1. The accusative case marker was lost. Since previously verb-focused sentences could have VSO or VOS word order, this caused an ambiguity.

  2. To disambiguate agents from patients in verb-focused transitive sentences, the agent was marked with the instrumental case.

  3. Once the agent was marked by the instrumental case, the now-unmarked object was reinterpreted as the syntactic subject, and the verb-focus marker was reinterpreted as a passive marker.

Yivrian retains vestiges of this system in its word order. The unmarked word order for active transitive sentences is SVO, but passives are VS(A), with the agent optionally indicated by an oblique argument in the ablative case. (The Yivrian ablative conflates the old instrumental and locative cases.) For examples of each type:

[Y]     Doth    lethya  na.  
        Bird    eat     worm.
        "The bird eats the worm."

        Lethyo      na      dathun.
        Eat-PASS    worm    bird-ABL.
        "The worm is eaten by the bird."

The VS(A) word order for passives was the normal word order throughout the classical period, and passives with the SV(A) word order that more closely mimicked the active word order were rare. They become more common in post-Classical Yivrian, as the passive significance of the verb marking becomes more salient and the verb-focusing origins of the construction are lost.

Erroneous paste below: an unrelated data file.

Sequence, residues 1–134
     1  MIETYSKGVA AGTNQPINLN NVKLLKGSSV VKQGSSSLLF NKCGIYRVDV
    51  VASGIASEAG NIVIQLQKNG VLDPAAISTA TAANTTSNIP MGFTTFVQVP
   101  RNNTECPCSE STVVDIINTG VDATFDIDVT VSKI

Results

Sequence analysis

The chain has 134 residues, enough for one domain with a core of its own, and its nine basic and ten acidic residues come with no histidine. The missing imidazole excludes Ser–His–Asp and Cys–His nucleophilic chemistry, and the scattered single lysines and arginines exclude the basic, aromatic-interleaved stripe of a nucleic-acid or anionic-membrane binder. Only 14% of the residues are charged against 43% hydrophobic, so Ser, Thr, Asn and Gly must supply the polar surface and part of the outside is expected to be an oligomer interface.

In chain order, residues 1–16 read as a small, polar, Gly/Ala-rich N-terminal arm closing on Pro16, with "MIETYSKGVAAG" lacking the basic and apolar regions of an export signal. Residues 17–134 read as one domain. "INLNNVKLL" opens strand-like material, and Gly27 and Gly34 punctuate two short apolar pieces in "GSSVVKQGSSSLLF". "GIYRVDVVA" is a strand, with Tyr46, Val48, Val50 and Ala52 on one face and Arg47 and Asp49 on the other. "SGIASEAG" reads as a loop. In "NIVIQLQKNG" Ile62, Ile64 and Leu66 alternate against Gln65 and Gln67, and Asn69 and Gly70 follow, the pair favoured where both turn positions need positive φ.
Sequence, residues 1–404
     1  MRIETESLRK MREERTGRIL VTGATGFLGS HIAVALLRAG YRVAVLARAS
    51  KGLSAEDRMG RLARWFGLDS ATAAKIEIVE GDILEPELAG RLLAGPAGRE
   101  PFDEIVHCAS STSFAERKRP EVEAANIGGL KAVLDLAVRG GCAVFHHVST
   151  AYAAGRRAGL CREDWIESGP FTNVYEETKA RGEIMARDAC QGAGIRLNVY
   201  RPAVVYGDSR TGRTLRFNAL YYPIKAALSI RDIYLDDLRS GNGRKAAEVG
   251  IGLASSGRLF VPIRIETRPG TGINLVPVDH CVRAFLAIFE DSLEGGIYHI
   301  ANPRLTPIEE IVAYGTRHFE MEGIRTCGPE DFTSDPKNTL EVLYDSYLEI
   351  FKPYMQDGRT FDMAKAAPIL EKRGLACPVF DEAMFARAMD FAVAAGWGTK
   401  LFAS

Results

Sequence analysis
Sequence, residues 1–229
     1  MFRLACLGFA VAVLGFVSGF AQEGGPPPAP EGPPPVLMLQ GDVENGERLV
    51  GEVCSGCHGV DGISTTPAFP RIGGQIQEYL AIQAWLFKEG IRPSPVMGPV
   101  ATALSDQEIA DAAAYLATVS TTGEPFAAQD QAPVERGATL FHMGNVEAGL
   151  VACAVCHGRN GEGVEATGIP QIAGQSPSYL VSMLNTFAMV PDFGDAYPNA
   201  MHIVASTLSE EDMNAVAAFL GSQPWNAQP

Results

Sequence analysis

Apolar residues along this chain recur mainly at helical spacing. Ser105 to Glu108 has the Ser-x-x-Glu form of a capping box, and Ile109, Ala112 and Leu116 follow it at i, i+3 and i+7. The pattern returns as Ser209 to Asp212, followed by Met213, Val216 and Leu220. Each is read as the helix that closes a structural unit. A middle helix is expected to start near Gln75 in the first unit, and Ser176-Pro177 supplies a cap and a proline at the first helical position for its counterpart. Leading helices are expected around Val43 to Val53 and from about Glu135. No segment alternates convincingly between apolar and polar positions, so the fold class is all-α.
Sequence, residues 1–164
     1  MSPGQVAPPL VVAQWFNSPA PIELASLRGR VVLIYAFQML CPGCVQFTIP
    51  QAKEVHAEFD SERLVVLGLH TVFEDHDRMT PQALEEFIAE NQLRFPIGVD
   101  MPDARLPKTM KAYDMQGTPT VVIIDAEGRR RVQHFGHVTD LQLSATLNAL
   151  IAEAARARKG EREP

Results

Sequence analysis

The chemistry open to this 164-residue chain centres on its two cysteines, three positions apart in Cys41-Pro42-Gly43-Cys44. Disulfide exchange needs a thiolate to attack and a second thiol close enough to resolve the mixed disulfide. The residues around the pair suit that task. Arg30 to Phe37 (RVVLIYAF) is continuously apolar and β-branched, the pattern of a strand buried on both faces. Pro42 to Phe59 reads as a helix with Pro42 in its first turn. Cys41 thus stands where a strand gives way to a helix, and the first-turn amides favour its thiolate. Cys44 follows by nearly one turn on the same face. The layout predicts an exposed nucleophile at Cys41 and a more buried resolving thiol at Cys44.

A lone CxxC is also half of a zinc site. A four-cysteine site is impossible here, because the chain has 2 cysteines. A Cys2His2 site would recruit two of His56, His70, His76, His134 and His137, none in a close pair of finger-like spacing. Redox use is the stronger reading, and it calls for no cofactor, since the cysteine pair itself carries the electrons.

For intransitive verbs the passive -o retained its role as a marker of verbal focus. However, once -o was understood primarily as a passive transformation, the argument-reducing aspect of the passive voice was applied to intransitives as well. Thus, if you wish to omit the subject of an intransitive verb, you must apply the passive morphology to it as well. This is a special case of the verb-focused intransitives discussed above.

[Y]     Volassumyoa.
        "Someone sure is being stupid."

Finally, ordinarily subject-less verbs such as weather verbs were influenced by this pattern. In CY (and in both Praseo and Tzingrizhil), such verbs take the ordinary verbal ending -a, but in early classical Yivrian we find them occurring oftentimes with -o, and by the late classical period the passive marking of such verbs has become obligatory.